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New Column Updates


New Column Updates

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Ninja's_RGR'us
Ninja's_RGR'us
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Yes you can both be right. The value will be set to the last row updated, however in a few rare cases the, update may be done in something that looks like a random order, using the index hint "should" aleviate that possibility.
Adrian Hains
Adrian Hains
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Haven't tried it, but couldn't you just use a ranking function over ordering by the clustered index key to get a pseudo identity column? I can't think of any drawback to this approach, except that you can't do it in SS2K
Brian Munier
Brian Munier
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One other caveat I thought of with either solution, is that if the column will end up being mandatory aka Not Null, there will need to be a check at the end to ensure that there are no null rows that were added after the fact. Also unless you can guarantee that the code will provide a value a default is almost always needed.

For the question on using a default when adding the table, I would first crank up the size of the log file by a few GB, and I expect it would possibly be shorter than the 35 minutes, but it only helps if you have the same value to insert or a derivable formula.

Enjoy, Brian


Rob Scholl
Rob Scholl
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This is extra useful since SET ROWCOUNT affecting updates is going away in the next release of SQL. http://msdn2.microsoft.com/en-us/library/ms188774.aspx
ScottPletcher
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Very interesting article, definitely worth seeing.

Btw, though, shouldn't the columns be NCHAR(2) instead of NVARCHAR(2)? It's a waste of space and processing overhead to make a 2-byte column variable.



SQL DBA,SQL Server MVP(07, 08, 09)[size=2]Prosecutor James Blackburn, in closing argument in the Fatal Vision murders trial: If in the future, you should cry a tear, cry one for them [the murder victims]. If in the future, you should say a prayer, say one for them. And if in the future, you should light a candle, light one for them.[/size]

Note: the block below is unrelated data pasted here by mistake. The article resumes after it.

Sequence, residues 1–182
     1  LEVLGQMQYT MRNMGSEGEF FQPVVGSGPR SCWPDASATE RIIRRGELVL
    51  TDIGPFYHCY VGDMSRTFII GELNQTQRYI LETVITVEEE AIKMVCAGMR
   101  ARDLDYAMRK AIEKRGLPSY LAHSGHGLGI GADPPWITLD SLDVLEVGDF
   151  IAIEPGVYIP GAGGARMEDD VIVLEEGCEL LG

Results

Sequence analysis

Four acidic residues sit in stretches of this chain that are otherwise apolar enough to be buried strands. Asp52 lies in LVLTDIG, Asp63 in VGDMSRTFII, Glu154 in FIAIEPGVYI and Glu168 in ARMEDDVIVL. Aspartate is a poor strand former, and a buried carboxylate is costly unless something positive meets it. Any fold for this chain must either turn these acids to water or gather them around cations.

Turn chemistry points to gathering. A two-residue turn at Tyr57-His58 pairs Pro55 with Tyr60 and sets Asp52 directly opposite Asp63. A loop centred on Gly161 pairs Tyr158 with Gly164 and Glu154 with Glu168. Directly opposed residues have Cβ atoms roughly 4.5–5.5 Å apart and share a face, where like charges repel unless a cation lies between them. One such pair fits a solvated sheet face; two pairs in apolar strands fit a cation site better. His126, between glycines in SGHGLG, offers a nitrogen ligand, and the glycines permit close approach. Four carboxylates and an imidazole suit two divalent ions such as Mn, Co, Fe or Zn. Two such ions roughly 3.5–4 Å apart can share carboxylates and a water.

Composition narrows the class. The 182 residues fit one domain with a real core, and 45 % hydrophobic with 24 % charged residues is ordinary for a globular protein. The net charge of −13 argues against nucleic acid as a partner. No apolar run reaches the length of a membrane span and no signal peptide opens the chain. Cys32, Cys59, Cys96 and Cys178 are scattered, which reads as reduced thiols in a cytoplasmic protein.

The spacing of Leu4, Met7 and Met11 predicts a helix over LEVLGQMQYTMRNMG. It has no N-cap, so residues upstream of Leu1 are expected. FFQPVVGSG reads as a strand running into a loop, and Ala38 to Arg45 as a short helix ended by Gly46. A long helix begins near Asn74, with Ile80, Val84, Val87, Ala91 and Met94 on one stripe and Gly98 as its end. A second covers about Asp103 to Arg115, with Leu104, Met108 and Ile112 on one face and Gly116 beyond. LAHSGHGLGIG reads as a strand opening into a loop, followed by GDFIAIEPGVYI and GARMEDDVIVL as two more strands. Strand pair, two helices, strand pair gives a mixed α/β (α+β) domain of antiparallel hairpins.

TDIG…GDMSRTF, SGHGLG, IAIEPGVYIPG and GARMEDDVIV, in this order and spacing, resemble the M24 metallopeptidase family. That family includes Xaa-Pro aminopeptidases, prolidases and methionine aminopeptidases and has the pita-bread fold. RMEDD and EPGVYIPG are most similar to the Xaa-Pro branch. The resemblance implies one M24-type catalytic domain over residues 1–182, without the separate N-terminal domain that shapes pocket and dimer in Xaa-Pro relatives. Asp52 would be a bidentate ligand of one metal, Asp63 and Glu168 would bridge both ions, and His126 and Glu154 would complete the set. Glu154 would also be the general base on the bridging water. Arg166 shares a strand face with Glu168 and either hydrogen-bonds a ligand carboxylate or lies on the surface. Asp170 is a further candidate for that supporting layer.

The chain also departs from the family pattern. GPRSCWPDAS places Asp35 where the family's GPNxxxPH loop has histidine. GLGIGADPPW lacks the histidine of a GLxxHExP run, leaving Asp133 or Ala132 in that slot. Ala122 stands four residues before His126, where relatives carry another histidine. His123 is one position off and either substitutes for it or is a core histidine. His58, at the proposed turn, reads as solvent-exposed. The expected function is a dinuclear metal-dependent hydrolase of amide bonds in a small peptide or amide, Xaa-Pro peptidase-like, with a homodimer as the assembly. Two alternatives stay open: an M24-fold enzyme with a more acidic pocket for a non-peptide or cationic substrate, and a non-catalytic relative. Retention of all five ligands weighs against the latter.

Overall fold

Jeremy Brown
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Ha! Very nice. I'm facing a similar situation here. This article demonstrates a nice way of dealing with this situation. Not to mention the issue of blocking / locking on the table while just such an update is occurring. Bravo.



Leo Peysakhovich
Leo Peysakhovich
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Lets start from the beginning. [NameKey] [nvarchar](341) NOT NULL. Looks like the choice of column for the clustered index is very bad. Looks like update/changes to the table are never done by the application but only by the back end processes. It means that the initial physical table creation by DBA brought the problem and made clustered index useless not only for this task but for the many other tasks as well.



noeld
noeld
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Am I missing something? ...

ALTER TABLE MyTable
ADD NewZip char(10) NULL DEFAULT 'Zipcode' WITH VALUES


* Noel
Charles Kincaid
Charles Kincaid
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Agreed, an alpha field for clustered seems strange. But then so does 341 for a field length. Sometimes we are not in toal control of the design. I just hope that this field is generated some way in alpha order. Otherwise INSERT performance will suck. And let's not even talk about page splits.



ATBCharles Kincaid
MudLuck
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Well done author.

Working with VLDB requires one to step back and take the time to think it out. While there may be other ways to go about the operation and get simullar times yours is nice for the two reasons you state in your article.

Rollbacks are small by using batches, and by following the order of the clustered index you assist SQL in a orderly writing to the data file.

One 125 hour roll back can only force us all to start working and thinking about SQL server in this way.

Thanks loved it.





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